Discover more from Why is this interesting?
Why is this interesting - The Monday Media Diet with Chris Black
On style, boutique print mags, and people-watching at airports
Chris Black (CB) is a one-of-a-kind cultural omnivore. He has exceptional taste in many areas and covers the range of discerning and insider-y to mainstream pop culture with wit and enthusiasm. He’s an essential Twitter follow, and his advice column in NY Mag is also really fun to read. We’re very happy to peer into his wide-ranging consumption behaviors here. -Colin (CJN)
Tell us about yourself.
I am the co-founder of Public Announcement, a brand consultancy and media company based in New York City. On our homepage, we edit the web, and we also have a daily newsletter. I write a weekly advice column for The Strategist and contribute to GQ, W Magazine, and Architectural Digest. I also co-host a podcast called How Long Gone.
Describe your media diet.
Devour! I try to take in as much as possible. I fell in love with magazines as a teenager, and I still buy or subscribe to quite a few titles. The New Yorker, Vogue, New York Magazine, Town & Country, and GQ all get delivered to my mailbox. I buy countless other beefy fashion, music, and design titles from my local newsstand: Fantastic Man, Arena Homme+, Apartamento, Kennedy, Monocle, The Skirt Chronicles, Self Service, Popeye, System, Art Forum, Brick, the list is long. I click and surf all day, and my choices run the gamut from high to very low from Bloomberg to Page Six. The only thing I don't follow is sports.
What's the last great book you read?
Boom: Mad Money, Mega Dealers, and the Rise of Contemporary Art by Michael Shnayerson was a wild ride. The author talked to all the big dog dealers: Larry Gagosian, David Zwirner, Arne and Marc Glimcher, and Iwan Wirth. The way these guys control careers and drive up value is fascinating. Not to mention the rivalries and the parties. A nice mix of glamour, art, money, and power.
What are you reading now?
What's your reading strategy when you pick up a print copy of your favorite publication?
I start at the front and go forth. I love seeing the front of book advertisements and what brands are spending big bucks, who is shooting, and who is starring. Then I read the stories that interest me.
Who should everyone be reading that they're not?
Rachel Seville Tashjian's writing for GQ. It's informative, poetic, and unhinged—a pleasure to read. No one covers culture in a more literate and exciting way than Naomi Fry at The New Yorker. Joe Coscarelli's music coverage at The New York Times. Jack Wagner, Kaitlin Phillips, Ryley Walker, and Hari Nef on Twitter for laughs.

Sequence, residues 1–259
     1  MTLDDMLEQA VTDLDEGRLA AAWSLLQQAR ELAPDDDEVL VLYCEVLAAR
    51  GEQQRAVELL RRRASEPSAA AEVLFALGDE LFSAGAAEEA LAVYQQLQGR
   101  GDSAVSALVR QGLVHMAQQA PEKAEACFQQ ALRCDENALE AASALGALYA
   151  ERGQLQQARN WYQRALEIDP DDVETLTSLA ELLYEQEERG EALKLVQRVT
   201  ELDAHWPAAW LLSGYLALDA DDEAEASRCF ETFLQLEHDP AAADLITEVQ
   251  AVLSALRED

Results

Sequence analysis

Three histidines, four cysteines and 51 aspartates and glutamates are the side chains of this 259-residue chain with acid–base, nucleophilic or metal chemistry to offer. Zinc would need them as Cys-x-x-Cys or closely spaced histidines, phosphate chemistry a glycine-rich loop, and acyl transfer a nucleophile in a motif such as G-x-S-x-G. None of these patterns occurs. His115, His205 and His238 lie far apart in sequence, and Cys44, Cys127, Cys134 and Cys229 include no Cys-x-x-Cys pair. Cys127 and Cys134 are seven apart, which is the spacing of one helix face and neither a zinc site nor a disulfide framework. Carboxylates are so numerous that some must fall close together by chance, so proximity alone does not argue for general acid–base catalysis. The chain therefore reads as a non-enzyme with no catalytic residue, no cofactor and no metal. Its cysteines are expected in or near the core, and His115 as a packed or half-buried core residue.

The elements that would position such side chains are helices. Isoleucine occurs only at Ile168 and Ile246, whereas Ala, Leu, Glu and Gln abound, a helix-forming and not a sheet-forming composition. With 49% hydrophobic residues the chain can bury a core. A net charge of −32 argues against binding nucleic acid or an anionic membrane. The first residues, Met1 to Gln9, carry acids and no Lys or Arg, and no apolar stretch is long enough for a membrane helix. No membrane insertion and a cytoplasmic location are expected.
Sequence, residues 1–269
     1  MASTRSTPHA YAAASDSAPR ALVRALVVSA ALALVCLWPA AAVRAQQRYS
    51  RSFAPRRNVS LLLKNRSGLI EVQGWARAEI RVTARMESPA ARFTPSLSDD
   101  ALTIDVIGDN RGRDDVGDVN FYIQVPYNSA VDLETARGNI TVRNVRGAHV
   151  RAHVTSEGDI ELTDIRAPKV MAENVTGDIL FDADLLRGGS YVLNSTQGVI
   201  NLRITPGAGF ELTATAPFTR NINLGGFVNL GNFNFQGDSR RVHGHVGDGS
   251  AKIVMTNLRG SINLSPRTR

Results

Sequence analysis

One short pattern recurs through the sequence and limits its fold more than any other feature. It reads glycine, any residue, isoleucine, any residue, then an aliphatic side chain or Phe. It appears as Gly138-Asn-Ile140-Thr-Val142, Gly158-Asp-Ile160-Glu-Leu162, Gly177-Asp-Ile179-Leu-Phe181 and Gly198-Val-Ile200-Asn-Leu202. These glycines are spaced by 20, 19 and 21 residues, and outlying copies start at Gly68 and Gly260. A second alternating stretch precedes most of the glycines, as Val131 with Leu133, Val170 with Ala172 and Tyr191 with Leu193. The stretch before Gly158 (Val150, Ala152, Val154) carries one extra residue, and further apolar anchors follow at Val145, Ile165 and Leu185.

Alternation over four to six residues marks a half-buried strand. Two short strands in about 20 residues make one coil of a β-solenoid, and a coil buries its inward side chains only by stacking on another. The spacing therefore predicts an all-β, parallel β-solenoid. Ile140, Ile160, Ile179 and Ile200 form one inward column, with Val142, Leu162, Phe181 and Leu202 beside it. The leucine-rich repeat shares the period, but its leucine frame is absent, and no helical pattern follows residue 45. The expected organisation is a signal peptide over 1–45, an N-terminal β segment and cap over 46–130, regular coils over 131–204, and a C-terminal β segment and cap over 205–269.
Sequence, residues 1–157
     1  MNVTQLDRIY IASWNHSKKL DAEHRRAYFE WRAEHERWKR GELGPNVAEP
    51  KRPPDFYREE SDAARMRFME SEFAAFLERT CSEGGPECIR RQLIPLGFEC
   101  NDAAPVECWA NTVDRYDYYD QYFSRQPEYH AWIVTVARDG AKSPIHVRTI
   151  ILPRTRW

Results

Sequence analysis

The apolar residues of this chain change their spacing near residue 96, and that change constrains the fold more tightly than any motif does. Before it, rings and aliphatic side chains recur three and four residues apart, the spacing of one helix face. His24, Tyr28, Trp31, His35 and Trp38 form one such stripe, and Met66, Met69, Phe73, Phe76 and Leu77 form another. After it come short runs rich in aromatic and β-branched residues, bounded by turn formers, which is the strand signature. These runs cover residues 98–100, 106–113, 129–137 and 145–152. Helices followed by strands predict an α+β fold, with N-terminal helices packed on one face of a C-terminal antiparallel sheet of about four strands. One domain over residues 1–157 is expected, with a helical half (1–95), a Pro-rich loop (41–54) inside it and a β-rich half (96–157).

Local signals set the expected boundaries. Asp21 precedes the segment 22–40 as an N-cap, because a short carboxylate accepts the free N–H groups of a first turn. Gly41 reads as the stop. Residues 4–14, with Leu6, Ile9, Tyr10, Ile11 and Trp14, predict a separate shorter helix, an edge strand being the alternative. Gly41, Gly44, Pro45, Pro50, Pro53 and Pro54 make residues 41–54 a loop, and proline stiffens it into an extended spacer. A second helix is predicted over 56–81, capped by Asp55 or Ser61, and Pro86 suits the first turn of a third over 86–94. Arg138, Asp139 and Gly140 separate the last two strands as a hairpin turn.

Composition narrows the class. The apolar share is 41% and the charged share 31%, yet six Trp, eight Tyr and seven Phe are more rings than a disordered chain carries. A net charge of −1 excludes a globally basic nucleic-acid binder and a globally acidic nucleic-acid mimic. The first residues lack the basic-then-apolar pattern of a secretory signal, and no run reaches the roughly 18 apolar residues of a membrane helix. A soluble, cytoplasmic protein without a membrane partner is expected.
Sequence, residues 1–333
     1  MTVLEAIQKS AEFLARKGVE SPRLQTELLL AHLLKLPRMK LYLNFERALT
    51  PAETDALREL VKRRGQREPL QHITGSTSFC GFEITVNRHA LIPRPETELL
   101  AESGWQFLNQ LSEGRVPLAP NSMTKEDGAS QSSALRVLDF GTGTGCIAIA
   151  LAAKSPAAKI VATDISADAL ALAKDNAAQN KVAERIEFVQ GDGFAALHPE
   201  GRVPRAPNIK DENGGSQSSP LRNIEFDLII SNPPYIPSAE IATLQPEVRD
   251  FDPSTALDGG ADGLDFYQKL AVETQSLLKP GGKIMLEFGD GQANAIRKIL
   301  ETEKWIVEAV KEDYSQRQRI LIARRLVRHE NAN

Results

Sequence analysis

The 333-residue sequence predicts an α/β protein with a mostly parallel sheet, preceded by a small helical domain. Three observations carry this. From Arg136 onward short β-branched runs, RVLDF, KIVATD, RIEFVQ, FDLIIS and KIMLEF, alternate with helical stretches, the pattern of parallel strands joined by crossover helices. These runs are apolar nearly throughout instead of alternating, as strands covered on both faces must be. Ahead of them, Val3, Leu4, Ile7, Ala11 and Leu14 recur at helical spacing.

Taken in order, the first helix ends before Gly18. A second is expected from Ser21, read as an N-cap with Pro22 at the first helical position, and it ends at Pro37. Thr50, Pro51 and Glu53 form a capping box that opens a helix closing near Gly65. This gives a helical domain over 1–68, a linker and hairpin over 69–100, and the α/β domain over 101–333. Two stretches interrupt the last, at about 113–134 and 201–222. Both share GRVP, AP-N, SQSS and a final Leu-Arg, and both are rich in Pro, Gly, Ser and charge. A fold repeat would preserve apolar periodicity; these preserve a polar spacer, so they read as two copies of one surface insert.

What is the best non-famous app you love on your phone?
See Saw is an incredible (free) app for visiting galleries in New York, Los Angeles, Berlin, London, and Paris. It has everything organized by neighborhood, allowing you to create maps easily.
Plane or train?
I love airports. JFK and CDG are incredible for people watching, which I find meditative and inspiring. But, every man has their limit. Once I have had enough of people in pajama pants and flip flops, I retire to the lounge for a bad coffee and throttled wifi.
What is one place everyone should visit?
La Colombe d'Or in Saint-Paul de Vence. Sit outside for dinner, but roam the property, and you will notice a Picasso in one corner and a Matisse in the other. The famous Alexander Calder mobile by the pool is breathtaking.
Tell us the story of a rabbit hole you fell deep into.
The story of Tommy Keene, a cult favorite power-pop musician who put out a few great albums on Geffen Records in the 1980s and collaborated with Robert Pollard from Guided by Voices and The Goo Goo Dolls. He died in 2017. "Based On Happy Times" is his best work, give it a spin.
Thanks for reading,
Noah (NRB) & Colin (CJN) & Chris (CB)
Why is this interesting? is a daily email from Noah Brier & Colin Nagy (and friends!) about interesting things. If you’ve enjoyed this edition, please consider forwarding it to a friend. If you’re reading it for the first time, consider subscribing (it’s free!).